Australian Open women’s Day 6:

Simona Halep thumped Venus Williams to set up a fourth-round showdown with sister Serena, dismissing the seven-time Grand Slam winner 6-2, 6-3  on Saturday at the Australian Open.

Halep, is working herself into form as she plays in her first event of 2019; victory took 77 minutes as Williams went out in her 19th appearance at the tournament where she played the final in 2003.

Photo: Andy Cheung/ArcK Images

“It was a great match, my best so far” Halep said. “I’m happy with how I played.

“It’s always a big challenge against a Williams sister. I was super-motivated today, it was a great atmosphere for me.

“Against Serena I have nothing to lose. I will go to the court and ive my best – I’m ready for it.”

Naomi Osaka overcame a lapse as she worked towards a possible second straight Grand Slam title, with the US Open winner needing a 5-7. 6-4, 6-1 fightback to squeeze past Hsieh Su-Wei on Saturday at the Australian Open.

Photo: Andy Cheung/ArcK Images 

Osaka was joined in the fourth round at Melbourne Park by sixth seed Elina Svitolina, who got past China’s Zhang Shuai after three hours of battle, winning 4-6, 6-3, 7-5.

Svitolina recovered from 0-3 down in the final set to advance.

“It was great fight today for both of us,” the Ukrainian said. “We left everything on court. We played a long match, so, yeah, I’m very pleased that I could, yeah, get the win today.

Photo Roger Parker International Sports Fotos Ltd

Osaka flew into a brief rage at a low point in her match, crashing a racquet in the hardcourt in frustration but later making amends: “You guys didn’t see me slamming my racket,” she told the crowd. “I didn’t do it.”

Osaka needed a crash course in working out the crafty veteran from Taiwan. “I just thought i didn’t want to give up,” Osaka said. “I really love Grand Slams and I wanted to stay here longer. I really love to play tennis.”

The winner managed to advance into the business end of the fortnight after almost two hours of battle, dropping serve four times but finishing with 41 winners and 42 unforced errors.

Photo Roger Parker International Sports Fotos Ltd

She marked her fightback by winning seven straight games from a set and a break down.

“I’m happy with how I fought. That’s one of the biggest things I always thought I could improve.

“Before, I would accept defeat. I came to the match knowing that she was going to do a lot of strange things. But she was just playing so well, I think I got overwhelmed.

“I just started thinking that I’m in a Grand Slam. I shouldn’t be sad, I’m playing against a really great player, so I should just enjoy my time and try and put all my energy into doing the best that I can on every point.”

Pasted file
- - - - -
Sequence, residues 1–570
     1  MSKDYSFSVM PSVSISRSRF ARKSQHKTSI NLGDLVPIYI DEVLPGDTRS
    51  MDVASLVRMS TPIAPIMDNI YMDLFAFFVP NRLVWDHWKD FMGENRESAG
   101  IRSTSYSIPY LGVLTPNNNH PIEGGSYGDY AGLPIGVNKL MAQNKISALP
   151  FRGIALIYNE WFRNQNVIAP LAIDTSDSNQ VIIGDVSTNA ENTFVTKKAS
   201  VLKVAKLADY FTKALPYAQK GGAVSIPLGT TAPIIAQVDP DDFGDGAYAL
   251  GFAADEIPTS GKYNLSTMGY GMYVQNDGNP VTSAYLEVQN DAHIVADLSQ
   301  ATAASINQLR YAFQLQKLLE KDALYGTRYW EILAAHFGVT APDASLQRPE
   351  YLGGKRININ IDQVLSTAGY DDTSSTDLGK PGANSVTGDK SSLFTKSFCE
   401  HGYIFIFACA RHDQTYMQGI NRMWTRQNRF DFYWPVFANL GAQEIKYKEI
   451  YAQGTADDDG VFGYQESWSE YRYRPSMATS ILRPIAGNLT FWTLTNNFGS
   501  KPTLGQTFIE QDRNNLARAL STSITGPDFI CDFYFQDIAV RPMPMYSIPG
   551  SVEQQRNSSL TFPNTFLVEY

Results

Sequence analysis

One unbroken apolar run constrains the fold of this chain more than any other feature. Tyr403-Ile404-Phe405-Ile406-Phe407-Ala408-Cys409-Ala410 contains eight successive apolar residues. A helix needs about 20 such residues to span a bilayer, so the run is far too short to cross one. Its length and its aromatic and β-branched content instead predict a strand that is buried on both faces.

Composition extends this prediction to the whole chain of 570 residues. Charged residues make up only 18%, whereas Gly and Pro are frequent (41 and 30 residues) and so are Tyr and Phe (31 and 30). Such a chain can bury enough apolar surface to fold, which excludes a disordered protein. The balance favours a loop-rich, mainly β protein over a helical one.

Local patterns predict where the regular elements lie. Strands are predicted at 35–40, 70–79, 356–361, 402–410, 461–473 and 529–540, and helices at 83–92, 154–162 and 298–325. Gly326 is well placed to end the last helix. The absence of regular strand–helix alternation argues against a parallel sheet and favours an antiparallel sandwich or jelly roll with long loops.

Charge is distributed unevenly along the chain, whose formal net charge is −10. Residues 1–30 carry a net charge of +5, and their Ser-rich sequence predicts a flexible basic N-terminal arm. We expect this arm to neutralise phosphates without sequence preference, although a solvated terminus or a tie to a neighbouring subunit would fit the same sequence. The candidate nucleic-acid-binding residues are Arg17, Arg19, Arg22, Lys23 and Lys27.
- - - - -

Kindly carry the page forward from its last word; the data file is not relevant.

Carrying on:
Osaka is playing her first major since humiliating an over-wrought Serena Williams who melted down in anger to lose their US Open final four months ago and is only now back on an official court.

Hsieh had a Wimbledon history in 2018, knocking out world No. 1 Simona Halep in the third round on grass

Osaka next faces Anastasija Sevastova, after last season’s US Open semi-finalist beat Wang Qiang 6-3, 6-3, reaching the Melbourne fourth round for the first time since 2011.

Photo: Andy Cheung/ArcK Images

It took Serena Williams just over an hour to defeat Ukraine teenager Dayana Yastremska as the 37-year-old American tries to finally win a record-levelling 24th Grand Slam singles title.

Williams will be playing a fourth round here for the 15th time.

She is seeking an eight title in Melbourne, moving a step closer after beating her 57th-ranked opponent.

Yastremska was treated for a rolled right ankle midway down 4-1 in the second set, shortly before the veteran wrapped up victory.

“I could tell she was quite upset. I kind of liked that. It shows she wasn’t just there to play a good match, she was there to win,” Williams said.

“She wanted to win. That really broke my heart. I think she’s a good talent. It’s good to see that attitude.”

As for her own form:”I haven’t played a lot since New York. But I’m here. I’ve trained in the off-season.

Photo: Andy Cheung/ArcK Images

“I’m here to play tennis, do what I do best. I think I’m getting there. I don’t feel like I’m there yet.”

2017 US Open finalist Madison Keys advanced as she put out Belgian Els Mertens, a former semi-finalist, 6-3, 6-2.

Double Grand Slam champion Garbine Muguruza came back a winner after playing until 3 a.m. this week in the previous round, beating Swiss Timea Bacsinszky 7-6(5), 6-2.


Leave a Reply